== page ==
EU summons Russian ambassador to protest Moscow’s retaliatory sanctions
The European Union has summoned the Russian ambassador to denounce Moscow’s decision to impose an entry ban on eight EU officials.
EU spokesman Peter Stano said at a press conference that the ambassador was to meet senior officials from the European Commission on Monday and the bloc’s diplomatic service later in the day.
“The Russian ambassador has been summoned, he should be received in the afternoon by the secretary-general of the European Commission and of the European External Action Service, where we will convey to him strong condemnation and objection.”
The Kremlin has barred entry to eight officials from the EU - including European Parliament President David Sassoli and commission vice-president Vera Jourova - in retaliation for sanctions from the bloc over allegations including the jailing of opposition figure Alexei Navalny.
Moscow has time and again warned the EU not to interfere in its domestic affairs and denies any wrongdoing.
The EU had imposed sanctions in March against two Russians in the southern Russian region of Chechnya. It had also imposed sanctions on four senior Russian officials close to President Vladimir Putin.
Elsewhere in his remarks on Monday, Stano alleged that Moscow’s sanctions against the bloc were “obviously very politically motivated and lack any legal justification.” He also said the EU would convey to the Russian envoy “strong condemnation and rejection of this decision.”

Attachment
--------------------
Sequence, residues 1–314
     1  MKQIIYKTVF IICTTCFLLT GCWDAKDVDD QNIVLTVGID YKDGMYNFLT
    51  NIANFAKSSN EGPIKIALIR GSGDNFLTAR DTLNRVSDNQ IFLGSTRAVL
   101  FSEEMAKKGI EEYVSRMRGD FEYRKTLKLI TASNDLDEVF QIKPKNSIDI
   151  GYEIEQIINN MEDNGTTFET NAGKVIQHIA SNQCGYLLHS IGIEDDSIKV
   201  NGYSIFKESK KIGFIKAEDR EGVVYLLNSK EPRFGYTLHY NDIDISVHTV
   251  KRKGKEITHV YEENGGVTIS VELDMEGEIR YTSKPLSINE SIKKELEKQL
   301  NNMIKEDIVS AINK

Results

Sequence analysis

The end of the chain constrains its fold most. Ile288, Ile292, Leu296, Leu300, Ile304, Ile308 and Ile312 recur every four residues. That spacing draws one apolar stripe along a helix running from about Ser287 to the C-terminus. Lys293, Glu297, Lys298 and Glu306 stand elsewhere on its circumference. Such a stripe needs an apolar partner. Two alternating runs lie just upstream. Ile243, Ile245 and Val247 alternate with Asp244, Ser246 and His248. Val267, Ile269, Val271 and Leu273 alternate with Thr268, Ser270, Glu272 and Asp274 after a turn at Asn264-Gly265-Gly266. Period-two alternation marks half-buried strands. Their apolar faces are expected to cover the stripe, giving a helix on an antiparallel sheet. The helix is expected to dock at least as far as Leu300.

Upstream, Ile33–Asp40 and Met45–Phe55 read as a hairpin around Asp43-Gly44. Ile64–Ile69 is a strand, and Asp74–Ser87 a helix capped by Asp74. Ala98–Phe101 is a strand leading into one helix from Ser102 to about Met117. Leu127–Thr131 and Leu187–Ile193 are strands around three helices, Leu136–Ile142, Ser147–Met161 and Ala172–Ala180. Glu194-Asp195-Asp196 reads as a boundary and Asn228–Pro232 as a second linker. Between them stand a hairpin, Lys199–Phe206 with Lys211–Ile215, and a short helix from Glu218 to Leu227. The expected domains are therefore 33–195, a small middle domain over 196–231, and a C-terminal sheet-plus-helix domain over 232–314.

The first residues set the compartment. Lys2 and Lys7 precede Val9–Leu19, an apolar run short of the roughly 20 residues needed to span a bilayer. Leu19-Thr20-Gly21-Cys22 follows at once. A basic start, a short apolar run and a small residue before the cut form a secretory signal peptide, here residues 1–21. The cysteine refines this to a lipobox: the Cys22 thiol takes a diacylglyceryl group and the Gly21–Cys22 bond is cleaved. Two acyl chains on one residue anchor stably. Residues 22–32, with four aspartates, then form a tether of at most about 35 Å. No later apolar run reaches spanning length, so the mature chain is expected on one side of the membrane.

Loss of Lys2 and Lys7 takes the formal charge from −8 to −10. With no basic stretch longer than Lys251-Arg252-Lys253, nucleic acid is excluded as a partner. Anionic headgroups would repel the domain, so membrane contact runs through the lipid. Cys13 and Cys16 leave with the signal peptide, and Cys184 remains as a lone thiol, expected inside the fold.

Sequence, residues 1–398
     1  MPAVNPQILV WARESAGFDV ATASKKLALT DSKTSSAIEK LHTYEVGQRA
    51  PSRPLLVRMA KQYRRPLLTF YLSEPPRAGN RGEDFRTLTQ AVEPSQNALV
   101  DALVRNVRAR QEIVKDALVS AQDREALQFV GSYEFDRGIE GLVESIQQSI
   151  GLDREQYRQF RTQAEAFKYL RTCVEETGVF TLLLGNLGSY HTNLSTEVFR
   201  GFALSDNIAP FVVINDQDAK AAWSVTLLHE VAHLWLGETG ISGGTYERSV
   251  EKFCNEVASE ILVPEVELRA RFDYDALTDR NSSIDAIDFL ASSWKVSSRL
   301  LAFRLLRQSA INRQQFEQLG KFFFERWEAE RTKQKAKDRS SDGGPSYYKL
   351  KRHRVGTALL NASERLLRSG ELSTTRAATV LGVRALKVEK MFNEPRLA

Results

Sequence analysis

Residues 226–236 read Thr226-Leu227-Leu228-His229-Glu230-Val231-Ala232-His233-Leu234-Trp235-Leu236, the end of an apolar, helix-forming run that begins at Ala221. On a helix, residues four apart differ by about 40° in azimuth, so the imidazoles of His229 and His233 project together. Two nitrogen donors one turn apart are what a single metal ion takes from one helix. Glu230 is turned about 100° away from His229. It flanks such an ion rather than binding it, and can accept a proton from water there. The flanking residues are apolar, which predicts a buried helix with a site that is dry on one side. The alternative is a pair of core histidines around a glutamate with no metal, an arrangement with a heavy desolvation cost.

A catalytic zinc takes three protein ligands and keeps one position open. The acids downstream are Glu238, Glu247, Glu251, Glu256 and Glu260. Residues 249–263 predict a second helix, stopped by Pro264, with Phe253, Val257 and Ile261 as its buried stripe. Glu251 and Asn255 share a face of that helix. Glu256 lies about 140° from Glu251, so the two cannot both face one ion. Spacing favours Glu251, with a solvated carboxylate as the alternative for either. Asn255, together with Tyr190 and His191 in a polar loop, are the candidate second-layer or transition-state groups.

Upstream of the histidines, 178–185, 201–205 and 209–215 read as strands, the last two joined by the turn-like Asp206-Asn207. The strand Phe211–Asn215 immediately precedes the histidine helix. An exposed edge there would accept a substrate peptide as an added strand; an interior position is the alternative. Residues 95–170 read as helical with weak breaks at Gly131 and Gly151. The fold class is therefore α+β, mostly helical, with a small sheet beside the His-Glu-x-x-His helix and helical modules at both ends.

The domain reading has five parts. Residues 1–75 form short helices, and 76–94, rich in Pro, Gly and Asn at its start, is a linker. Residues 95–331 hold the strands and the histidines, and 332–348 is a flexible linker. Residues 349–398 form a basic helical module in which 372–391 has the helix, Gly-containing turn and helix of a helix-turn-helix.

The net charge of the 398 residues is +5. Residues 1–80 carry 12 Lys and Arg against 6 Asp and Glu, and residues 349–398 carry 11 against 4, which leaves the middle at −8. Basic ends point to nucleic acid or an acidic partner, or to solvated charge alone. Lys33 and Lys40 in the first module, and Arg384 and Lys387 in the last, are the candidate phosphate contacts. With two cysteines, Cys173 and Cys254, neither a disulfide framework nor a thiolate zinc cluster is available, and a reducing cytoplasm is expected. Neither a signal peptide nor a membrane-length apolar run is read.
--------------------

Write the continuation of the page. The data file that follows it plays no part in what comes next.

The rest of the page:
In a joint statement on Friday, European Commission head Ursula von der Leyen, European Council boss Charles Michel and Sassoli had lambasted Moscow's measures as “groundless” and had threatened “to take appropriate measures in response.”
Tensions between the EU and Moscow have surged over Ukraine, Navalny, and retaliatory expulsions of diplomats involving a number of EU members state.
The European Union will likely consider its next steps against Russia at a meeting of EU foreign ministers scheduled to be held next week. It might also look to the Council of Europe, a non-EU body of which Russia is a member, for finding ways to react to what Brussels claims to be Russia’s continued rights abuses.